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In what ways do social forces (outside influences), make it easier or more challenging...

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brigaither | Student | Honors

Posted June 19, 2012 at 11:05 PM via web

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In what ways do social forces (outside influences), make it easier or more challenging for different family forms to function in society? Support your answer with detailed examples.

The three different family forms you should consider are Adoptive Families, Grandparents Raising Grandchildren, and Mixed Families.

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Lorraine Caplan | College Teacher | (Level 2) Senior Educator

Posted June 20, 2012 at 4:42 AM (Answer #1)

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I am not sure I agree that there are only three family forms. For example, there are families that are single parents raising children, and that form does not seem to be contained within these three categories.  However, insofar as societal forces are concerned, certainly, the dynamics of society have an impact on each. 

I have noticed that grandparents raising their grandchildren sometimes have problematic interactions with the school system, not comfortable with modern practices, terminology, etc.  Teachers and administrators can be impatient with this, not always providing the support grandparents need to be involved with their grandchildren's education.  I have also noticed that grandparents tend to be digital "immigrants," which makes them uncomfortable with the technology their grandchildren use, something that can cause a greater rift than the rift from just one generation to the next.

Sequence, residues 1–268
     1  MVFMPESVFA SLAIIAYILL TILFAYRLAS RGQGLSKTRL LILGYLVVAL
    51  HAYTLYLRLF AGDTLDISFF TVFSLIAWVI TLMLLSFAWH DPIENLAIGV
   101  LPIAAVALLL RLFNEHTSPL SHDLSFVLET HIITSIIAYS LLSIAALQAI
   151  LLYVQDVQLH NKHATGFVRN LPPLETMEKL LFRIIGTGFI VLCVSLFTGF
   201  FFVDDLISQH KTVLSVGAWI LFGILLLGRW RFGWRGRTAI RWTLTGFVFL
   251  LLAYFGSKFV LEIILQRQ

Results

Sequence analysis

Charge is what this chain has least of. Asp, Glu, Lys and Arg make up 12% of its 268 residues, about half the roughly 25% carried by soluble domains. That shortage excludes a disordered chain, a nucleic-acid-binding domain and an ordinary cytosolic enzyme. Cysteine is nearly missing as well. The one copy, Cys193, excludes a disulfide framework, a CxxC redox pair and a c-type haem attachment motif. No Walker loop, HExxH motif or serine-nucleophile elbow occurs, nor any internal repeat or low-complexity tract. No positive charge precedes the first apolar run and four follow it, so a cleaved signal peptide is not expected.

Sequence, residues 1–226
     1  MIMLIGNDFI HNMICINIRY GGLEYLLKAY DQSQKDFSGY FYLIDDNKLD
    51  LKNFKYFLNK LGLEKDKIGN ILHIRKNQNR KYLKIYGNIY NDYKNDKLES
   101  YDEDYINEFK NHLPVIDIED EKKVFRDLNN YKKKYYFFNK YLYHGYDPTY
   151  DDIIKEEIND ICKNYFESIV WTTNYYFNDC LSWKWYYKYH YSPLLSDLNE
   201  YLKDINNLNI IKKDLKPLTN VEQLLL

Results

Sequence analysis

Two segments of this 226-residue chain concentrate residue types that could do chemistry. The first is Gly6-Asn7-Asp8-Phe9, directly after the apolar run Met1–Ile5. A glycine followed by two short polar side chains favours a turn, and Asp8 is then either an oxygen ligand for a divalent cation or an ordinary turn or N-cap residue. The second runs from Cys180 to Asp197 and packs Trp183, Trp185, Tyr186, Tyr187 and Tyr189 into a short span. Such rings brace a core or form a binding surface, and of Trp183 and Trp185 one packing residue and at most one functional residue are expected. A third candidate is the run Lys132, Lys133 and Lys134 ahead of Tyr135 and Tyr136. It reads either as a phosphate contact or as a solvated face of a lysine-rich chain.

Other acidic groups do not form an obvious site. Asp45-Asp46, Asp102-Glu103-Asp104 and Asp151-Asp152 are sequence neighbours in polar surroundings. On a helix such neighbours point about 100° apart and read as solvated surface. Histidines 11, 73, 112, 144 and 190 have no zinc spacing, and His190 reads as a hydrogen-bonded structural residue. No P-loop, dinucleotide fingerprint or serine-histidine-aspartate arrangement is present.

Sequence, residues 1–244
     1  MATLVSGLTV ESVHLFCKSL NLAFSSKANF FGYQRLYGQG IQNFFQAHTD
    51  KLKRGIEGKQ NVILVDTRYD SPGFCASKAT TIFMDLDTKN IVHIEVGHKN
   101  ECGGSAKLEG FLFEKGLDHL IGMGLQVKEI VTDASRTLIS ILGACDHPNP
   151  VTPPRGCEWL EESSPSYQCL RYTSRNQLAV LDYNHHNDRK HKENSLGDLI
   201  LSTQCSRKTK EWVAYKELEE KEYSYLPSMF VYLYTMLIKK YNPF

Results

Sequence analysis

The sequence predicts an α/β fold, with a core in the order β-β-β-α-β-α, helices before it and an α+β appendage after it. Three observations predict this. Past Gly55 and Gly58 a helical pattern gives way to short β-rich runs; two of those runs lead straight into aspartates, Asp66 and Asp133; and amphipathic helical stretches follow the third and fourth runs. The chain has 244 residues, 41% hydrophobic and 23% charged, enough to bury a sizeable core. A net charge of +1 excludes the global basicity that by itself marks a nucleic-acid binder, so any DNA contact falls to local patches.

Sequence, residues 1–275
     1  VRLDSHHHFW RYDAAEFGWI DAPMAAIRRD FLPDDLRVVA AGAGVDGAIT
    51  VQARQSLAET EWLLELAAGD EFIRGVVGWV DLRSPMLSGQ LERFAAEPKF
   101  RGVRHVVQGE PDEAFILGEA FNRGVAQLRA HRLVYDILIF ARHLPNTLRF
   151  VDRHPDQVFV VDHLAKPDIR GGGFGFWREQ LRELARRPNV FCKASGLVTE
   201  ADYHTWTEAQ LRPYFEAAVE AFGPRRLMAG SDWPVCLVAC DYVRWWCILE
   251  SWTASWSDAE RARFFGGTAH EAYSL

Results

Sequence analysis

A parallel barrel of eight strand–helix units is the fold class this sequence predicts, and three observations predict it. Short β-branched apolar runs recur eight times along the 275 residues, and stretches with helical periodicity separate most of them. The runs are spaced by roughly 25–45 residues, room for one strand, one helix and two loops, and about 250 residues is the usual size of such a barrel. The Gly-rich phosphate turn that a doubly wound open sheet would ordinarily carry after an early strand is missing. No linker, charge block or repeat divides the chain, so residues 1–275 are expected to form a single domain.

Adoptive families have their own problems, particularly when a child is of a different race.  Strangers stare and ask rude questions, for example.  And the trend toward open adoptions creates new problems in society, such as what the role of biological parents should be.  There is not much precedent yet for how such families should proceed. 

By "mixed," I am assuming you are referring to what I call "blended" families, those in which there are offspring from previous marriages or relationships, sometimes including a new child or children between the new partners.  While we are more accustomed to this form these days, there is no one template that society has put a stamp of approval on.  How does one merge this new assortment of people and personalities?  Given society's inclination to split custody, it is difficult to blend into a new family when children are constantly coming and going to their other parents. 

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